TDWI Upside - Where Data Means Business

It's Information Governance We Need

Information governance requires us to discern the intention behind information and its provenance rather than the bald facts of its technical sources and processing demanded by data governance.

Rudy Giuliani's declaration on August 19 that "truth isn't truth" was met with equal doses of shock and scorn. However, data scientists and BI experts should pause and examine how this seemingly paradoxical statement might apply within their own field. The outcome may be new insights in the area of information governance for the increasing volumes of often poor-quality data we capture and process in modern digital business.

For Further Reading:

Data Governance in a Big Data World

Protect Your Network: Use Caution with IoT Data Sources

From Data to Information to Actionable Insight

What inspired this article was a statement in the 2018 marketing material of a very large and respected IT company that shall remain nameless: "Every day, we create 2.5 quintillion bytes of data -- so much that 90 [percent] of the data in the world today has been created in the last two years alone." I'm sure you've seen this statement many times over the past few years. I know I have. My curiosity was piqued: if it is true that we are living in a world of "exponentially" growing data volumes, the daily 2.5 quintillion bytes figure must date to a particular year.

I went looking for the original research for the quote. I'm still searching. I did discover its probable first use. The Internet Archive WayBackMachine revealed -- to my surprise -- that the statement first appeared on an IBM Big Data marketing page in May 2011. This inconvenient "non-truth" has been quoted repeatedly by reputable sources for seven years and, to my knowledge, has never been questioned or verified.

The impact of this misinformation is rather limited, unless, of course, some disk storage vendor used it to sell you some very large equipment. In fact, if they had properly applied compound growth to the 2011 figure, they could have had an even stronger case. However, it seems that Giuliani was making sense. Truth may not necessarily be truth -- for a variety of reasons: errors, carelessness, or even malicious disinformation (so-called fake news).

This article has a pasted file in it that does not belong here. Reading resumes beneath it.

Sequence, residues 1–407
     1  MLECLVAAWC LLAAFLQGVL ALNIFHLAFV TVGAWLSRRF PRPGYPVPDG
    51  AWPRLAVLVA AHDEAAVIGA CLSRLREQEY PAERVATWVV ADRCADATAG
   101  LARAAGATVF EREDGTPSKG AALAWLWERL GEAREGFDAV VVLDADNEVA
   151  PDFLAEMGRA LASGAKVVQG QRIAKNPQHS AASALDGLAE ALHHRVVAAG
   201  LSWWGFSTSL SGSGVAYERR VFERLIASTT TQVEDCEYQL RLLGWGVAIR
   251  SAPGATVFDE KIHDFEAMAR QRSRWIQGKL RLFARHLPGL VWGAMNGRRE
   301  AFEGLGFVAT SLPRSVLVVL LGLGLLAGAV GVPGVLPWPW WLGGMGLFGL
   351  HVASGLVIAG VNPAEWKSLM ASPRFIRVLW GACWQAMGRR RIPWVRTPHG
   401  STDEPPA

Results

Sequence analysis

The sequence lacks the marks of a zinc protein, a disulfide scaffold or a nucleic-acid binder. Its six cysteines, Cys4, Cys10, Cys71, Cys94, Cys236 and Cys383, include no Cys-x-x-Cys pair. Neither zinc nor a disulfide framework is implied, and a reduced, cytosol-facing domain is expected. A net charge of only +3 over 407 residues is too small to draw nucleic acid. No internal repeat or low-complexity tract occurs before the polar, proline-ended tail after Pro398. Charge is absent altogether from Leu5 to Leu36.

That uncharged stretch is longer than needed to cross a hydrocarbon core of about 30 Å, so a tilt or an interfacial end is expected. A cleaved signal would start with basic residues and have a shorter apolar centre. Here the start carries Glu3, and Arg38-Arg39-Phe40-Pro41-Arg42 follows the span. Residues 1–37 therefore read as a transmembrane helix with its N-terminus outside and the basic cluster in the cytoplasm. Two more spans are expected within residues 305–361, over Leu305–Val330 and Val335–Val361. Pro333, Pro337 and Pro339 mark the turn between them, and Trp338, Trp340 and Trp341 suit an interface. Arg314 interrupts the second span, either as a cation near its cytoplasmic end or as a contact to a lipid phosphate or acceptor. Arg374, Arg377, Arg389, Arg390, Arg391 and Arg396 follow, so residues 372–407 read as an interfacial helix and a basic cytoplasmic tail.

Data Rich, Information Poor

Whatever the correct figure, it is undeniable that today's business is dealing with enormous and increasing volumes of data from external sources. Not only is this data orders of magnitude bigger than traditional, internally sourced data, but it also comes in a variety of sometimes inadequately described structures whose reliability may too often be suspect. With such poor-quality data increasingly driving important business decisions, data scientists and BI experts must repeatedly ask, "Yes, but is it the truth?"

The challenge comes in two main guises. The first -- and already long-standing -- concern relates to social media, a subset of human-sourced information. As has become obvious over the past half-decade, social media is becoming an increasingly unreliable indicator of real-world opinions and behaviors as it has become progressively gamed and politicized.

Part of the problem is that the statistical data extracted and analyzed by businesses fails to reflect the complexity and nuance of the current human-sourced information found on social media. Is a post a real opinion from a real person, or is it a paid-for post or the output of a nefarious bot farm?